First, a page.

A short time later, in June 2005, before Defendant had actually purchased the trucks to lease to Plaintiff, Ms. Brewer's father died unexpectedly and his brother, her uncle, Gurney Long assumed control of Defendant.

         On 1 August 2005, Ms. Brewer, for Plaintiff, and her uncle, for Defendant, entered into a written contract for the lease of the various trucks for four years (the "Lease Contract"). The Lease Contract did not expressly mention Plaintiff's option to purchase the trucks. The Lease Contract, though, did state that "Schedule 1 and Lease Notes shall be effective at the date of this agreement." "Schedule 1" was a document attached to the Lease Contract and described the trucks. However, there was no "Lease Notes" document attached, at least on the copy that was in Plaintiff's possession.

         In 2009, the lease term ended, and Plaintiff sought to exercise its option to purchase the trucks. Defendant agreed to sell the trucks to Plaintiff but sent an invoice stating the price of $620, 000, the then-full market value of the trucks. Ms. Brewer disagreed on the purchase price, insisting that she and her father had agreed that Plaintiff would be allowed to purchase the trucks based on a formula which called for the price to be approximately $220, 000. Defendant - who at the time still maintained many of Plaintiff's business records and provided accounting and other managerial services to Plaintiff - assured Ms. Brewer that the correct price was $620, 000. Plaintiff purchased the trucks, paying Defendant $620, 000 as reflected in Defendant's invoice, though still believing that the correct purchase price was a lower amount.

         D. The "Lease Notes" Resurface

         In 2012, three years after Plaintiff purchased the trucks from Defendant, Plaintiff and Defendant essentially cut all business ties. Plaintiff requested that Defendant turn over all of its corporate records that Defendant had maintained for Plaintiff over the years, which Defendant purportedly did.

         The next year, in 2013, Defendant's departing chief financial officer uncovered additional business files belonging to Plaintiff and turned them over to Plaintiff. Among them was the "Lease Notes" document, the document purportedly referenced in the Lease Contract. This "Lease Notes" document essentially confirmed Ms. Brewer's memory of her agreement with her father, that Plaintiff would have the option to "purchase the [trucks] at the end of the 48 month lease at 20% of the [trucks'] original cost." There is evidence that, based on this formula, Plaintiff should have paid only approximately $220, 000, rather than the $620, 000 that Defendant invoiced, for the trucks.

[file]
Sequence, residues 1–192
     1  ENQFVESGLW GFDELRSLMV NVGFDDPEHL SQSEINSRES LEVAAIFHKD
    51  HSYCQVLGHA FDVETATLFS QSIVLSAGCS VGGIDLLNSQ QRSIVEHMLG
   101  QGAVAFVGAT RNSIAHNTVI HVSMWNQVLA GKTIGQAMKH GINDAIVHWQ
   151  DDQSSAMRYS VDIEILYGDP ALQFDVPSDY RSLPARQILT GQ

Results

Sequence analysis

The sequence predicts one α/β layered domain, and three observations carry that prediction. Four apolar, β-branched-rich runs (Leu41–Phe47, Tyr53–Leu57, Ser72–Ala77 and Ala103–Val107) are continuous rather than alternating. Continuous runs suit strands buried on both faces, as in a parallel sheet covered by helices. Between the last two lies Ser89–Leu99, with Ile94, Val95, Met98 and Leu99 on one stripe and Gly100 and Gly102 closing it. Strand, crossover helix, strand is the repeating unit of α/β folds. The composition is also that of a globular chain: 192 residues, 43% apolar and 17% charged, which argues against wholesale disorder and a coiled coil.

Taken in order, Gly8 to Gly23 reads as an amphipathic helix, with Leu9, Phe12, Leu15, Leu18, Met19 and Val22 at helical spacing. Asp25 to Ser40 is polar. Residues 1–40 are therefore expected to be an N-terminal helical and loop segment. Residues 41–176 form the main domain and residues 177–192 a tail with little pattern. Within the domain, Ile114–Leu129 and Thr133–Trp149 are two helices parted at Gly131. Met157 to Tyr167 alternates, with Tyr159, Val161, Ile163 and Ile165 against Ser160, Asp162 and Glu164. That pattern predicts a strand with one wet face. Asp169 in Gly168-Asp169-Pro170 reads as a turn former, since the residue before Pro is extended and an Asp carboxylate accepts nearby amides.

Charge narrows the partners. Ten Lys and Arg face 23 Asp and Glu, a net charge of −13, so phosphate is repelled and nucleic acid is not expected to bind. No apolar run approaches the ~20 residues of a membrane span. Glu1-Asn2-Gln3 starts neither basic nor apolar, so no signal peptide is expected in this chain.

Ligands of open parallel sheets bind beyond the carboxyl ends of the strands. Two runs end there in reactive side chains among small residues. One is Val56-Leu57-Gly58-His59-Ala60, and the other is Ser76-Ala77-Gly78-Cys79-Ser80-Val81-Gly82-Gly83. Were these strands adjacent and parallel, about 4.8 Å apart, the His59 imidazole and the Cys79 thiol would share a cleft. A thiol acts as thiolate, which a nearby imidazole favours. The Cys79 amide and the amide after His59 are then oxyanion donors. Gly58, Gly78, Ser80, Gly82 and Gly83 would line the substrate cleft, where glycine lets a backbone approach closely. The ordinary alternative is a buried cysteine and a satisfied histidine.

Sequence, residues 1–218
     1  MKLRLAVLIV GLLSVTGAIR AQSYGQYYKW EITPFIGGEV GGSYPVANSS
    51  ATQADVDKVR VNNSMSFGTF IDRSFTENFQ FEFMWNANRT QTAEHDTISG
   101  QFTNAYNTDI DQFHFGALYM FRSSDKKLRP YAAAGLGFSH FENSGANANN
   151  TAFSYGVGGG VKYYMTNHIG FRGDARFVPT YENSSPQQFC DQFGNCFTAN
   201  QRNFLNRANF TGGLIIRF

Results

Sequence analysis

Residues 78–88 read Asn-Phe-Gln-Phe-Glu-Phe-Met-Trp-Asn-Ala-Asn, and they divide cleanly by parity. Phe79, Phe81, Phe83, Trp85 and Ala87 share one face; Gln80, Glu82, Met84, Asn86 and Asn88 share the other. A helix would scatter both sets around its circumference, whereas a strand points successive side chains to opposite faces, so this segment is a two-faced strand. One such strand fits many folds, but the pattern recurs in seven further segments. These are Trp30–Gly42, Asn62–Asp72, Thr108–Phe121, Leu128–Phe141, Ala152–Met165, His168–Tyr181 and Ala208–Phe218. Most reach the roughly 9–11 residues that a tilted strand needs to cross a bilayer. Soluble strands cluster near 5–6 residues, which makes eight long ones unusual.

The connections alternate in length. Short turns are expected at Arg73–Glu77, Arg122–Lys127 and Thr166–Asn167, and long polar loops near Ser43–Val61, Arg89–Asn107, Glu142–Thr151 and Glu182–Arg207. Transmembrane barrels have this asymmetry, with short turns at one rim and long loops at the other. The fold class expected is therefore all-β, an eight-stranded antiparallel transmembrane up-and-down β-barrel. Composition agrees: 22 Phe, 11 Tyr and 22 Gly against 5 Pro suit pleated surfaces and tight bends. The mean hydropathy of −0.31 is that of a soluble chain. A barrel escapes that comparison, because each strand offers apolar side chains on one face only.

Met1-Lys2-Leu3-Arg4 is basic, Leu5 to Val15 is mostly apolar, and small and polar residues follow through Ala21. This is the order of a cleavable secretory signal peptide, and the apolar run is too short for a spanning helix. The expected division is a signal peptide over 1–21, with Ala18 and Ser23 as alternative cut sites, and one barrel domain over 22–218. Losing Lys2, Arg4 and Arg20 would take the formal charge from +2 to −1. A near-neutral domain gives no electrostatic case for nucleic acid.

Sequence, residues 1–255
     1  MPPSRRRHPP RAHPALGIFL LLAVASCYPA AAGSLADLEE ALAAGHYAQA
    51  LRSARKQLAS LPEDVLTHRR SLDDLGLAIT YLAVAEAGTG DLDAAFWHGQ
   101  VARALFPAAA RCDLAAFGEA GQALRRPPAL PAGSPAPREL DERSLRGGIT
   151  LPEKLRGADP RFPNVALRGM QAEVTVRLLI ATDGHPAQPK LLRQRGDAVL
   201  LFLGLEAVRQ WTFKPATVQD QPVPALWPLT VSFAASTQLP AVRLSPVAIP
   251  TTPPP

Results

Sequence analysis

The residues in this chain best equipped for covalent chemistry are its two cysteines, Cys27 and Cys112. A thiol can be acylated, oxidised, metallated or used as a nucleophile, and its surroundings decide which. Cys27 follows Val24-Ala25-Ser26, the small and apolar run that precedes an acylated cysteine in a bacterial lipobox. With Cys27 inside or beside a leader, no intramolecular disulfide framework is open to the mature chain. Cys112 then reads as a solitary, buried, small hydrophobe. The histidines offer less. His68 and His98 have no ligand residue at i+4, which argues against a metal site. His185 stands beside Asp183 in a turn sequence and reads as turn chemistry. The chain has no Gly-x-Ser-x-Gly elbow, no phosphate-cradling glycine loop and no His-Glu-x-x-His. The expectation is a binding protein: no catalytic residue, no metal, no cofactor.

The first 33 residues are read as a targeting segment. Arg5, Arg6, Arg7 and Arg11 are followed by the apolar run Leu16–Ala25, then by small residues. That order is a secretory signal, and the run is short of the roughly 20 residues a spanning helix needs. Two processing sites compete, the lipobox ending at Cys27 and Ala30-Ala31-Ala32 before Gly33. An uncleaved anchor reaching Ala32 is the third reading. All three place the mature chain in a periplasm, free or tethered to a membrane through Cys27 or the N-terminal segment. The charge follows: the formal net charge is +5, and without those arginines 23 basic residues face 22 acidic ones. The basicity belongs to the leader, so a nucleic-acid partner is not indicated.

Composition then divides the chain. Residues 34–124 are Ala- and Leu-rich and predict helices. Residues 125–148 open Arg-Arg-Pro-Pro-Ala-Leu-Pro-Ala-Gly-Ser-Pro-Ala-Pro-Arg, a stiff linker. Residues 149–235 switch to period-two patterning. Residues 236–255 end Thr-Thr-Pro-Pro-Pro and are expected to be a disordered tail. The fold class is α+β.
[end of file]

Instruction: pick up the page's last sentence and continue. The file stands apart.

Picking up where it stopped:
In summary, Plaintiff was formed in 2003 at which time Defendant began providing accounting and other services for Plaintiff. In 2005, Plaintiff entered into a written agreement to lease several trucks from Defendant, an agreement which made reference to "Lease Notes." In 2009, Plaintiff purchased the trucks from Defendant for approximately $620, 000, based on Defendant's invoice and assurances that $620, 000 was the correct price. In 2013, Defendant's departing CFO provided Plaintiff with the "Lease Notes" document which confirmed Ms. Brewer's understanding that Plaintiff should have only paid $220, 000 for the trucks. And in 2015, Plaintiff filed this action to recover the overpayment.

         E. Procedural History

         At the conclusion of the trial in the matter, the jury returned a verdict awarding $450, 000 to Plaintiff. The trial court immediately entered judgment on the jury's verdict.

         Plaintiff moved to have the jury award trebled, based on its UDTP claim. Defendant, though, moved for Judgment Notwithstanding the Verdict ("JNOV"). In November 2017, the trial court entered an order denying Plaintiff's motion to treble the jury award and an order granting Defendant's motion for JNOV (the "JNOV Order"), which essentially nullified the jury award. The JNOV Order contained language recognizing that the trial court would consider a motion to tax costs.

         Two months later, on 12 January 2018, following a hearing on costs, the trial court entered an order which taxed costs against Plaintiff and reiterated that ...